It’s a common misconception that wills only need to be written at an old age. Most adults are not thinking about how their property and assets should be divided after they pass on, but the cold reality is that unexpected deaths can happen.
The number one reason that adults avoid or procrastinate on writing a will is due to the uncomfortable nature of the topic. However, it’s important for adults of any age to decide how they want their property to be used when they pass on, despite the discomfort of planning for the possibility of early death.
Wills describe how a person would like their estate to be handled and distributed when they pass on. Some of the components of what a will decides are:
• Who property is given to
• Who becomes the guardian of minor children
• Charity gifts
• Representative to act on behalf of your wishes
If someone passes away without a will, the process of dividing their assets is incredibly complicated and can take a very long time, sometimes more than a year. This can be an emotionally and mentally draining experience for all family involved. While the discomfort of planning for death keeps many people from writing a will, the consequences for their family if they do not write one is often the main factor that urges them to write it.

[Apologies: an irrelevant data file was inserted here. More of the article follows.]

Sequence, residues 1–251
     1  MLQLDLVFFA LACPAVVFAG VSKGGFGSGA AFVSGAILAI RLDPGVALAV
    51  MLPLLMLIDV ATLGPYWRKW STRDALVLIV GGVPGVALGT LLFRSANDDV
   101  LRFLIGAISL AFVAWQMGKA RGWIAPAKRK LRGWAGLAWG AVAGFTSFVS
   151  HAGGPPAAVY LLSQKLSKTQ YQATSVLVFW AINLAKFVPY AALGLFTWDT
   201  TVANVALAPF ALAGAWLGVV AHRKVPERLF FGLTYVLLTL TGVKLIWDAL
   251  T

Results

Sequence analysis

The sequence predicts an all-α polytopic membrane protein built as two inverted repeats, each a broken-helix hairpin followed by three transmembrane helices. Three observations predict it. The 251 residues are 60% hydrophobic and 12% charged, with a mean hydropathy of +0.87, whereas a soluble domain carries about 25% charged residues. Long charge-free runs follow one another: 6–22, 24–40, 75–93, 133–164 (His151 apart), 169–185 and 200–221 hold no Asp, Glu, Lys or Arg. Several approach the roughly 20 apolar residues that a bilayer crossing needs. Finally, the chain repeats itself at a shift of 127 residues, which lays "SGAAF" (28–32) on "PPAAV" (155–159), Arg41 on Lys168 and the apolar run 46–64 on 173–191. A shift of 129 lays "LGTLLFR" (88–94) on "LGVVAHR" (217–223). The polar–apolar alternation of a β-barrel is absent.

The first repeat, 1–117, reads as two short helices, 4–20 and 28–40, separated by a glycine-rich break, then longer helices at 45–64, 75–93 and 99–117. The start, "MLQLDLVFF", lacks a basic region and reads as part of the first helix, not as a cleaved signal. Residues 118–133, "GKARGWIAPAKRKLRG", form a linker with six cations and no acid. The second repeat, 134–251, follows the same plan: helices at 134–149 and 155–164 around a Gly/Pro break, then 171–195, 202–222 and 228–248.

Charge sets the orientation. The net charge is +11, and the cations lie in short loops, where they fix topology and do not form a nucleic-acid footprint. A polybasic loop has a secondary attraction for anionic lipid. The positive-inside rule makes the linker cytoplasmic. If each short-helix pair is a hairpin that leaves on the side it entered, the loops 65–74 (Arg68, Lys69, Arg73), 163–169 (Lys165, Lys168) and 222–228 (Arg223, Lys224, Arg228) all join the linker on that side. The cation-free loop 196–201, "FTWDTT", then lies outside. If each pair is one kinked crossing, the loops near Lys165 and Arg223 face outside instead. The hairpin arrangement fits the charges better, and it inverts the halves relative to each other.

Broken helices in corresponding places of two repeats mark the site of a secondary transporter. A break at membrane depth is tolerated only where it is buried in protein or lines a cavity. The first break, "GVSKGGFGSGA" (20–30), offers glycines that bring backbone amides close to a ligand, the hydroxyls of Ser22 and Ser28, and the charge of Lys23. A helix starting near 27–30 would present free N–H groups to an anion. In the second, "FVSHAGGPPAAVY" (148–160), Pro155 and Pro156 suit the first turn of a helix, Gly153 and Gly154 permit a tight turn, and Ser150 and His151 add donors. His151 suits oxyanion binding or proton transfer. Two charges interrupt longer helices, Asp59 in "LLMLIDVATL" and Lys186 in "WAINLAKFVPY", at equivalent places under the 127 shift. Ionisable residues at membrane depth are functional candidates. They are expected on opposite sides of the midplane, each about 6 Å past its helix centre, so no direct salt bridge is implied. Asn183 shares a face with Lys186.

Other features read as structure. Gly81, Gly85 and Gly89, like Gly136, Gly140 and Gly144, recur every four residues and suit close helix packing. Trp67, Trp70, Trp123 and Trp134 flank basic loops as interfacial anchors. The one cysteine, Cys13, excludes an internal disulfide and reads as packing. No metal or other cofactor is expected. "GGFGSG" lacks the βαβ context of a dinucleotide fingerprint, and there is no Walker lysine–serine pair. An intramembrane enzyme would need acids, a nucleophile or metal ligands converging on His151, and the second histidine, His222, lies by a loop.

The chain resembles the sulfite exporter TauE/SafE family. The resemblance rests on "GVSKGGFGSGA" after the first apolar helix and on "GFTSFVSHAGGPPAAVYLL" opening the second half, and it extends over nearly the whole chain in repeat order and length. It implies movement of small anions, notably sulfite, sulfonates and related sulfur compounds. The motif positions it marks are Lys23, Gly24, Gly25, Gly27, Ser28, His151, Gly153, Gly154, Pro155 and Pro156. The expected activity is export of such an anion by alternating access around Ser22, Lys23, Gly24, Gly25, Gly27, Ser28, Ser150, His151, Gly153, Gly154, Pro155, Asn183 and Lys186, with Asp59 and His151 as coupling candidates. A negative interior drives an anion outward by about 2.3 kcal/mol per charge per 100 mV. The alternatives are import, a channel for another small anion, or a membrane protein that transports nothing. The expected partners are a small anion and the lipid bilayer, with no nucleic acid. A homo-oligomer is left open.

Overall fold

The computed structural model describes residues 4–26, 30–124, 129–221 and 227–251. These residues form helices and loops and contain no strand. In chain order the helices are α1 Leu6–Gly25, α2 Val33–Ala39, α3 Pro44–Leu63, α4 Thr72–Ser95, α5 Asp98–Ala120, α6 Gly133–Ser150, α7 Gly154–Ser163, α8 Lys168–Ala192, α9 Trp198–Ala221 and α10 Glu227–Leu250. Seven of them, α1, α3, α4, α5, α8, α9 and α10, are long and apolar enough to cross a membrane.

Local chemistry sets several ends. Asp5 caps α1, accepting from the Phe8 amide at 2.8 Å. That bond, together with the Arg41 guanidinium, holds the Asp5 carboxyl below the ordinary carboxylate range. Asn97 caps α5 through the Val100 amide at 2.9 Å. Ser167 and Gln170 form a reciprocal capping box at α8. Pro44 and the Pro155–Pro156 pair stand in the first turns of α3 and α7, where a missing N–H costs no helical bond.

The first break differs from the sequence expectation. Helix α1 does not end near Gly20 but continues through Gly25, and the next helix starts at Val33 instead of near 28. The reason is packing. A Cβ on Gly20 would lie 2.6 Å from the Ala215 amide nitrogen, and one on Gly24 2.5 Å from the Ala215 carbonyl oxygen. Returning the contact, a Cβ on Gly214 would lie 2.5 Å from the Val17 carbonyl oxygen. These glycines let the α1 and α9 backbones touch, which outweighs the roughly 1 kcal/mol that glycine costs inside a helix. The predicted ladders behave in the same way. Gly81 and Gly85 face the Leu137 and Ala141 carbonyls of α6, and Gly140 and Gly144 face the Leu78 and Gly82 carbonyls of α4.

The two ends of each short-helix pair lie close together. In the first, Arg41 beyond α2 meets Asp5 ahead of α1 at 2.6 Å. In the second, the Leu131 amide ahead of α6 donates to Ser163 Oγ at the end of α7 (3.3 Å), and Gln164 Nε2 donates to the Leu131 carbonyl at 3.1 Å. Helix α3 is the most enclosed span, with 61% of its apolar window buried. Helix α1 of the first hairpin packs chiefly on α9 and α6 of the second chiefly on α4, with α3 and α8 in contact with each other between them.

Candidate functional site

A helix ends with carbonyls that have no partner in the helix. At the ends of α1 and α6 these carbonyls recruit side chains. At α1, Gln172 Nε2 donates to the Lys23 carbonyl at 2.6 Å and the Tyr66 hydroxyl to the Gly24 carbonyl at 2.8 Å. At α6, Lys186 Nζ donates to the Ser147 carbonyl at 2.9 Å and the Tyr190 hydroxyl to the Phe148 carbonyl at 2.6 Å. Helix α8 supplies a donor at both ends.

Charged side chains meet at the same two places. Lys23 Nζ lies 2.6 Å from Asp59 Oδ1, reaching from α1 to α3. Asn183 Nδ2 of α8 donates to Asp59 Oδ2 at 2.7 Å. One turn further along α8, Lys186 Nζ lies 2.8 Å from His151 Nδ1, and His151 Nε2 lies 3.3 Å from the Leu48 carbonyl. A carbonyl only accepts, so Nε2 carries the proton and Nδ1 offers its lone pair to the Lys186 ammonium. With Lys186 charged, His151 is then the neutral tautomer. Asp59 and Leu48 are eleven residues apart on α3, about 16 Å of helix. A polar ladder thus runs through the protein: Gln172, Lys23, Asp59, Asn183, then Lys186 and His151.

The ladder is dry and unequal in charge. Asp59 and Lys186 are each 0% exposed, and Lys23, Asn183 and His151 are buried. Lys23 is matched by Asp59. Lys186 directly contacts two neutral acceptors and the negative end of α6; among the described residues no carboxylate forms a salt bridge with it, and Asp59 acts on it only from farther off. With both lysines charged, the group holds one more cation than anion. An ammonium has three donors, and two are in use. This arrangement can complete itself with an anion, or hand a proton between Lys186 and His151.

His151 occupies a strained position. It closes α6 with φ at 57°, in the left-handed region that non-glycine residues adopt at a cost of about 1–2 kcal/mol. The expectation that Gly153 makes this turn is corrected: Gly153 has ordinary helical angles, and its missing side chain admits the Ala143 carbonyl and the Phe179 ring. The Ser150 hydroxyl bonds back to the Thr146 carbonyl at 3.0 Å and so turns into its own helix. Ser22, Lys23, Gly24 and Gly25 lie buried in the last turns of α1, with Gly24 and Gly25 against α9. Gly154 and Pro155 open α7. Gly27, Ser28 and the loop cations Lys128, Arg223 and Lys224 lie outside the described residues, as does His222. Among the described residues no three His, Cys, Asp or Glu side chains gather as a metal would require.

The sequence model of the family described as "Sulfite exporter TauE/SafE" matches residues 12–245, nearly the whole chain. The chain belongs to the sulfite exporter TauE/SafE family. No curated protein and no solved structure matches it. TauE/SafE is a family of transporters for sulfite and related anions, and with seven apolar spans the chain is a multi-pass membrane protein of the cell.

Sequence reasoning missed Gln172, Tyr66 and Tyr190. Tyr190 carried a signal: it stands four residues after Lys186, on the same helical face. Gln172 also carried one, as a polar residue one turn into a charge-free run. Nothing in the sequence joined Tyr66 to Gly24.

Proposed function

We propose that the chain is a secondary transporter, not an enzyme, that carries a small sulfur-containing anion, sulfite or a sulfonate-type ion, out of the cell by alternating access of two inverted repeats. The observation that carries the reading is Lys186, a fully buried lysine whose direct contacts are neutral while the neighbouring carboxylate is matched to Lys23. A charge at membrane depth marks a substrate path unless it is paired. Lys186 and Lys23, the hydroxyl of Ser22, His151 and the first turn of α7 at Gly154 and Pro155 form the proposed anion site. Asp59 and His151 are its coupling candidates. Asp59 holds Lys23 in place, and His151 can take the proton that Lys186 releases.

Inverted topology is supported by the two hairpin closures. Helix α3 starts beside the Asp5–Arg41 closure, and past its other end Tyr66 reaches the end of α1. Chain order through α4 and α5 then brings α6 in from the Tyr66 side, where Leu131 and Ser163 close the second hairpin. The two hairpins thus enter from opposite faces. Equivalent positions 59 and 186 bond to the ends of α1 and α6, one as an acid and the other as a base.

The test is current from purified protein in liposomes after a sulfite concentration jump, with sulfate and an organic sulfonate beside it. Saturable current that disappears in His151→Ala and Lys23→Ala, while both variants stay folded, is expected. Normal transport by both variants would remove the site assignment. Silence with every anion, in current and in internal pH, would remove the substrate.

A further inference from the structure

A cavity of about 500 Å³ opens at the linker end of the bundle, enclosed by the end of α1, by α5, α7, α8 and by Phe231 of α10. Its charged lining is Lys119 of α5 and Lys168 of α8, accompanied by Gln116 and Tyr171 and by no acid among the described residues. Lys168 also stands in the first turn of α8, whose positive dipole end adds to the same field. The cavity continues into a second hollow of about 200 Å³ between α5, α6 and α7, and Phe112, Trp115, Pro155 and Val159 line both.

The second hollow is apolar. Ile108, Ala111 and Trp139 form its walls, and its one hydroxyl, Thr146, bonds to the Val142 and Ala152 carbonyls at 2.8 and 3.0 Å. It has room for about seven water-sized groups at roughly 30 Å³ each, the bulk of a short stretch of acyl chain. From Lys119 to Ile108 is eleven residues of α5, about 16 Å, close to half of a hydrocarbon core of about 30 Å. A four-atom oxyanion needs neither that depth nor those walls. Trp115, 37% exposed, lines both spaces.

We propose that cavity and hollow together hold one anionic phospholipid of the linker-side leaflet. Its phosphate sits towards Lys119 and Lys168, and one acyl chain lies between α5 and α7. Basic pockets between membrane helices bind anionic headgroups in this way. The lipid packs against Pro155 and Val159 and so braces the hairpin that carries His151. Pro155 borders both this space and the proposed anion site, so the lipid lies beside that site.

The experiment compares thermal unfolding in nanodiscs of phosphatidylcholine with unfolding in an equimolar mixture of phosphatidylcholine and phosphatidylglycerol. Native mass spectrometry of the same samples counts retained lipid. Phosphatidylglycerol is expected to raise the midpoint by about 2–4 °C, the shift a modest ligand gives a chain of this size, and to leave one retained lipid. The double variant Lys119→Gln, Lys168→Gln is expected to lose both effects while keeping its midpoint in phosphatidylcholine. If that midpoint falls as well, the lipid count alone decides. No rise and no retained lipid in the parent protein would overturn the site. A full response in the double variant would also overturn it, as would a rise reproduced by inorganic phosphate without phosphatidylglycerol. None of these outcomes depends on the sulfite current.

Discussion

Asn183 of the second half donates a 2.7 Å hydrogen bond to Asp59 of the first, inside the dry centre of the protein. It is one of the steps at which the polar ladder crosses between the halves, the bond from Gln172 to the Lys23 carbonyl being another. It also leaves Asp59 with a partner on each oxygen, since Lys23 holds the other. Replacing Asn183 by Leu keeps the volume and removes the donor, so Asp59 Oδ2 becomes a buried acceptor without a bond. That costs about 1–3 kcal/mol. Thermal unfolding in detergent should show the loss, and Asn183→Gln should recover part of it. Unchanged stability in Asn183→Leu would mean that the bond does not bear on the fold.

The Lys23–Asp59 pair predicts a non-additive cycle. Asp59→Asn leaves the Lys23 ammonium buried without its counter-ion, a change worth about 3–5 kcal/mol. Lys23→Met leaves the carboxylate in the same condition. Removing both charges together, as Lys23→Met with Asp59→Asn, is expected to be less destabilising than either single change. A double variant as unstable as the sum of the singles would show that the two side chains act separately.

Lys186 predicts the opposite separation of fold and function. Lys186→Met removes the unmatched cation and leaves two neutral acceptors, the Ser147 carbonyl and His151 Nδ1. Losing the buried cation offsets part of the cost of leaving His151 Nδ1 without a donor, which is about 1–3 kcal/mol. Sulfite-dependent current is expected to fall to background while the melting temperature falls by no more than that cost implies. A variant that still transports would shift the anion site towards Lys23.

If there is no will when someone passes on, court is in charge of sorting through and distributing estate. If you hadn’t stated your wishes for it, this makes it highly likely that your property will not be used as you would like. Generally, without a will, all your property is distributed to your spouse, children, and grandchildren, or various relatives if you have no spouse or children. If no family can be found at all, your estate is given fully to the government.
By writing a will, you can explain exactly who should receive your property, including friends that the court would otherwise not recognize as potential recipients of your property. You can also exclude people from your inheritance that may otherwise be included.
A will can be changed or revised at any point. In fact, anyone who has a will should think about revision at some point as they acquire new assets. Writing one now does not set your decisions in stone. It simply provides security that your estate will be used as you wish. A will gives you full control over how your property will be used so that others won’t have to make decisions about your estate for you.